Fawcett Portrait

12/02/2013 5:18 pm0 commentsViews: 8

By BILL HETHERMAN
City News Service
LOS ANGELES (CNS) – Ryan O’Neal testified today he took one of two Andy
Warhol portraits of Farrah Fawcett from the Wilshire-area condominium of his
former flame a week or more after her 2009 death.
The 72-year-old actor took the stand in trial of a lawsuit brought by
the University of Texas in an effort to obtain the second of two Fawcett
portraits sketched by the iconic artist in 1980. The school has one of them and
wants the other to display them side-by-side in a university art museum.
Under cross-examination by University of Texas attorney David Beck,
O’Neal said he was not sure if he told anyone beforehand that he was going to
remove the Fawcett portrait.
“I may have, I may not have,” O’Neal testified.
The actor said the portrait was not the only item he took with him from
the condo.
“I also took a pepper shaker with hot pepper,” he said.
The school sued O’Neal in August 2011, after the disputed Warhol
portrait of the actor’s longtime love was seen in his home during an episode of
the reality TV show “Ryan and Tatum: The O’Neals.”
O’Neal says Warhol gave the second Fawcett painting to him. But lawyers
for the university maintain the portrait is school property because Fawcett
agreed through her living trust to donate all her artwork to the university,
which she attended for three years in the 1960s.
Fawcett, who left the school before graduating when her acting career
took off, died of cancer in June 2009 at the age of 62.
The six-man, six-woman Los Angeles Superior Court jury also will decide
whether a Warhol napkin drawing that O’Neal is demanding from the school
through his cross-complaint belongs to him or the university.
O’Neal said he kept the portrait at his Malibu home from 1980 until
1998, but allowed Fawcett to take it with her to museum exhibitions with her
copy from time to time. However, Fawcett let herself into his home in 1997 and
caught him with another woman, he said.
“She was hurt, she was in shock,” O’Neal said of Fawcett, mother of
his son Redmond.
He said he later asked Fawcett to take the painting and keep it for him.
“I asked her to keep the portrait with her, store it for me, because my
young (girlfriend) was uncomfortable with Farrah staring at her,” O’Neal said.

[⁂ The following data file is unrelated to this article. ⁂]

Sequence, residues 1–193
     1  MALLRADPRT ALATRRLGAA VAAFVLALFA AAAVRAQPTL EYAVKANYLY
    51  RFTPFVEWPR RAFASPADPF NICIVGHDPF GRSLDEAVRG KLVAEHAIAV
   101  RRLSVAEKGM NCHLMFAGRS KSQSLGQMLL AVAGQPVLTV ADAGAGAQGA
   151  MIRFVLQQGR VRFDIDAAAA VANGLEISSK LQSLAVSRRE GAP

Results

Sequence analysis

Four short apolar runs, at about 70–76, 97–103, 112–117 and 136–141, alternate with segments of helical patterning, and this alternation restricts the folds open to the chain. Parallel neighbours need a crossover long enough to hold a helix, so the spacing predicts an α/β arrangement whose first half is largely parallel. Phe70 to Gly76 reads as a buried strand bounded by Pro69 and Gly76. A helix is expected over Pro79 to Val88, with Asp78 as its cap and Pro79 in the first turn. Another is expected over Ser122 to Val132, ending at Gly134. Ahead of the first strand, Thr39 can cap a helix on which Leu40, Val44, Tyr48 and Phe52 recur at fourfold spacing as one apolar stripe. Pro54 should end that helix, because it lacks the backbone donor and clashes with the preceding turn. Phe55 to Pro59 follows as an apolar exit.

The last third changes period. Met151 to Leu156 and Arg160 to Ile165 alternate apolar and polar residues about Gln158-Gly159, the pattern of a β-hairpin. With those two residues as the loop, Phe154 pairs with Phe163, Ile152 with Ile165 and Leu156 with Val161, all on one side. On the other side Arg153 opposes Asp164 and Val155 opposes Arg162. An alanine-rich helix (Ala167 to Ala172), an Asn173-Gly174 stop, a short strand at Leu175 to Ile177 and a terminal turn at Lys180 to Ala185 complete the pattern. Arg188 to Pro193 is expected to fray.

Fawcett wanted the painting to remain with him, he said.
“She said, `I’d like to leave it there so that she’d feel
uncomfortable,”’ O’Neal testified.
O’Neal said he and Fawcett reunited on his 60th birthday in April 2001,
after he was diagnosed with leukemia. He said they remained a couple until her
death.
“We reconciled, she forgave me,” he said.
The actor said he did not know until later that Fawcett, who was herself
diagnosed with cancer in 2006, had a living trust established a year later.
He also expressed surprise when told by Beck that he was originally included as
a beneficiary before later being removed in an amendment.
“I’m surprised,” O’Neal said. “What did I get?”
The actor said he encouraged Fawcett to donate artworks she created to
the UT and to also go back one day and graduate.
O’Neal also said Warhol gave the napkin drawing to both him and Fawcett.
He said the sketch was actually drawn on a tablecloth.
The actor occasionally seemed annoyed at Beck’s questions and often
asked him to repeat them before answering.
A lighter moment in the trial came when O’Neal’s lawyer, Martin Singer,
protested that Beck was leaving a photo of Fawcett on display for too long.
Judge William MacLaughlin allowed the photo to remain.
Asked by Singer if he could also leave images of his choice before the
jury for extended periods of time, the judge replied, “As long as it’s not
mine.”
The remark drew chuckles from the jury.
MacLaughlin today denied a defense motion made more than a week ago to
put the trial on hold until some issues related to the portrait could be
determined in probate court. He said he will decide later whether O’Neal’s
lawyers can allow jurors to hear the testimony of a former Fawcett nurse who
claims the late actress told her the disputed painting belongs to O’Neal.
The O’Neal lawyers say they only recently found out about the nurse and
her information.

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